12) (ResMA only): The ability to evaluate the influence of broader societal change on the sorts of questions asked by ancient historians and social scientists more generally; * 13) (ResMA only): The ability to implement some of the primary sources of evidence –archaeological, literary and epigraphic – in the construction of a characterization of ancient religions.
The timetable is available on the MA History website
Mode of instruction
Total course load 10 EC x 28 hours= 280 hours
Seminars (2 hours per week during 6 weeks): 12 hours
Study of compulsory literature: 98 hours
Preparation discussion: 20 hours
Writing of essays: 150 hours
Theoretical paper (3000 words, see below)
Research paper (4000 words, ResMA: 5000 words, see below)
Participation (ResMA: includes leading a discussion)
measured learning objectives: 1-4; 6; 8-11. ResMA also 5; 7; 12-13
measured learning objectives: 1-4; 6; 8-11. ResMA also 5; 7; 12-13
measured learning objectives: 2-4. ResMA also 12
Theoretical paper: 30 %
Research paper: 50 %
The final grade for the course is established by determining the weighted average with the additional requirement that the written paper must always be sufficent
Should the overall mark be unsatisfactory, the paper is to be revised after consultation with the instructor.
How and when a review of the written paper will take place will be disclosed together with the publication of the results at the latest. If a student requests a review within 30 days after publication of the results, a review of the written paper will have to be organised.
Theoretical and Research Essays
Students are required to submit two pieces of written coursework in essay form: a 3,000-word theoretical essay midway through the course, and a 4,000-word research essay at the end of the course (5000 words for Research MA students).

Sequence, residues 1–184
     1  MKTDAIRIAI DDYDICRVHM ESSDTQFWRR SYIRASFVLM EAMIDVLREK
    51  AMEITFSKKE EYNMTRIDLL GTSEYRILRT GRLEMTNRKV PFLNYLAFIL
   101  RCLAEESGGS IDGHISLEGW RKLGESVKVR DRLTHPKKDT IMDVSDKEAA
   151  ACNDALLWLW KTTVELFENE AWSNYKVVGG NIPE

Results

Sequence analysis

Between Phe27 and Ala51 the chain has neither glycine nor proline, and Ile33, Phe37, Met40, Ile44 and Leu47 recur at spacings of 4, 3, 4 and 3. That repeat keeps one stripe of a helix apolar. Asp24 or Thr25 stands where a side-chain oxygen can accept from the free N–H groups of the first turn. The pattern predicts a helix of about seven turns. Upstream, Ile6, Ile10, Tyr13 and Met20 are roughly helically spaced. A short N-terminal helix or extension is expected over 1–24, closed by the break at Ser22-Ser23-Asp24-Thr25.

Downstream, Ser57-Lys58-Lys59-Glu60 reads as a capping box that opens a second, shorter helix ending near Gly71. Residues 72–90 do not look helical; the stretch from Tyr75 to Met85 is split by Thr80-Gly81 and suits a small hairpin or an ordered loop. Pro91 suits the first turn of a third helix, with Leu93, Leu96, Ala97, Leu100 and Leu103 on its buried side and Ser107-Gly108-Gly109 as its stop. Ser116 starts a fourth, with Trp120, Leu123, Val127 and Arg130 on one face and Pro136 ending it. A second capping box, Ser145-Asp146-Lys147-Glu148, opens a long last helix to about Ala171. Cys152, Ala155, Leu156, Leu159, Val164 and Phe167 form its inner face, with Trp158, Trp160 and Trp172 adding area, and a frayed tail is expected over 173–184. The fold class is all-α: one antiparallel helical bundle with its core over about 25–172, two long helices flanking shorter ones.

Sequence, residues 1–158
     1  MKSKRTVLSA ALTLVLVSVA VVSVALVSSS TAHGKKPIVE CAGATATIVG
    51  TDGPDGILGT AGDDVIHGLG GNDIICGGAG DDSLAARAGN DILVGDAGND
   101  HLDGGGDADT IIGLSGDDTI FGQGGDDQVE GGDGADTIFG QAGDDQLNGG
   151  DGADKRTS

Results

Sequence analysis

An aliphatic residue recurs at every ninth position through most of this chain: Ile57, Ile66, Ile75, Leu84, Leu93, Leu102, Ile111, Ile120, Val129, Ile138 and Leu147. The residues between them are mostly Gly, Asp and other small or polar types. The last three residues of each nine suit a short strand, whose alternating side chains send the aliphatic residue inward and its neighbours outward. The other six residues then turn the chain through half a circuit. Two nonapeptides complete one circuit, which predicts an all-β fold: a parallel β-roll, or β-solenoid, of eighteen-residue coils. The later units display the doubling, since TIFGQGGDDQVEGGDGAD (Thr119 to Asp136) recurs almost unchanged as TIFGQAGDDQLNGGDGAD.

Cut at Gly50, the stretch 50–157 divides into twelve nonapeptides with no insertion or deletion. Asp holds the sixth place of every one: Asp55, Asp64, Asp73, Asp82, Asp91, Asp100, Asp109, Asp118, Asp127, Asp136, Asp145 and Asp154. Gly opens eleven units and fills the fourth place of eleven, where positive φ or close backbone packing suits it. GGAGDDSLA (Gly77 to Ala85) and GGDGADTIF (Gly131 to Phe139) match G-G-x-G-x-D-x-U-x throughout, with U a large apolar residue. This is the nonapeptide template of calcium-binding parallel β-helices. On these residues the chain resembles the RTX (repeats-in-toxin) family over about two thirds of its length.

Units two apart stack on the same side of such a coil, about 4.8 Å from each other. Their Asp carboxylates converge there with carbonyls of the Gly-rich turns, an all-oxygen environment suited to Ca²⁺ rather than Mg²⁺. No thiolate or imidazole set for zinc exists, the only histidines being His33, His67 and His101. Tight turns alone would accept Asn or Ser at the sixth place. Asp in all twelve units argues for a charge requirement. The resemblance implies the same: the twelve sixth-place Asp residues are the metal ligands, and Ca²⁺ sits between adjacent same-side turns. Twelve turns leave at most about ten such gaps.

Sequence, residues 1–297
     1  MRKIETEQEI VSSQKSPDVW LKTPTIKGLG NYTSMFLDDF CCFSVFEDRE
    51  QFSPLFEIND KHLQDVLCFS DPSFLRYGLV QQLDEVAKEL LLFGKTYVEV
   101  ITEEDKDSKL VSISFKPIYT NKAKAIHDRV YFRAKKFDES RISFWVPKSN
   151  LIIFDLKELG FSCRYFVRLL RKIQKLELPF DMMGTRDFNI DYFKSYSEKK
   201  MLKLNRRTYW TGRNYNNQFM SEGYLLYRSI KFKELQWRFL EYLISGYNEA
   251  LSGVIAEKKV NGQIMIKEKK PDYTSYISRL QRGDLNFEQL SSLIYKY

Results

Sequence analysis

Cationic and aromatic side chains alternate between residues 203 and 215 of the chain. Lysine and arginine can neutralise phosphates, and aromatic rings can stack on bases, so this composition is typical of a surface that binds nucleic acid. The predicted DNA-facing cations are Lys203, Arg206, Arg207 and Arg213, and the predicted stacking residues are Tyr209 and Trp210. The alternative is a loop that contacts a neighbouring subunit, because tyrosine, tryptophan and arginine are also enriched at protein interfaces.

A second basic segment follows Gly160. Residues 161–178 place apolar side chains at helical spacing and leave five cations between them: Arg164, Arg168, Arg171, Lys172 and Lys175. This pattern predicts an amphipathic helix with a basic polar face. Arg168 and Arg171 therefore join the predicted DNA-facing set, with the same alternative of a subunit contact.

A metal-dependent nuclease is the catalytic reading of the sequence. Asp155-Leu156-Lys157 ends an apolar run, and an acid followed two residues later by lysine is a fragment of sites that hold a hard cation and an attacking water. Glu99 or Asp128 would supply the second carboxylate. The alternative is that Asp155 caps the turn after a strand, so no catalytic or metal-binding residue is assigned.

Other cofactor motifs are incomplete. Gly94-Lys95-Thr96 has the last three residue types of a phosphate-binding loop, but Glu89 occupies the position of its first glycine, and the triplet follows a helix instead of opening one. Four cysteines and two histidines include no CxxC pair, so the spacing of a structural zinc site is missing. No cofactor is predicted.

The theoretical essay is intended to cover some of the major points of theoretical and epistemological controversy surrounding one of the course’s main themes, while the research essay is intended to give the student the opportunity to research in more detail a sub-topic within broader course framework. Research MA students will be expected to select their own essay questions in consultation with the course tutor.
Students are expected to be actively engaged in discussion of the content and issues raised within the set texts each week, and to be able to summarize the material they have covered for the rest of the group in English. Research MA students will be required to summarize slightly lengthier works, and will be expected also to lead a discussion.
Attendance and General Conduct
Students are required to attend and to carry out the set readings for all of the six seminar sessions. For each session the student should have uploaded written notes on the themes and content of the readings on blackboard, and have prepared themselves to summarise their notes and personal views to the group.
Research MA students are expected to cover a slightly greater depth of reading, both in terms of broader theoretical works, and in engagement with more specific primary and secondary source material. In practical terms this means providing written and oral summaries of whole books and debates between authors, rather than simply assimilating single articles or book sections.
Blackboard will be used for:
interaction between lecturer and student
providing information to students
Our central text is: H.S. Versnel, Coping With the Gods: Wayward Readings in Greek Theology (Brill 2011).
This book is available as an ebook, but should students wish to buy the book in print – which I recommend because we will use it extensively – they may do so through Brill MyBooks for the special price of € 25. You do need to register to apply for this service (see website).
A further bibliography can be found at Versnel’s academia.edu page
Further literature will be made available on Blackboard and an extensive bibliography of Versnel’s work will be provided.
Enrolment through uSis is mandatory.
General information about uSis is available in English and Dutch
Registration Studeren à la carte and Contractonderwijs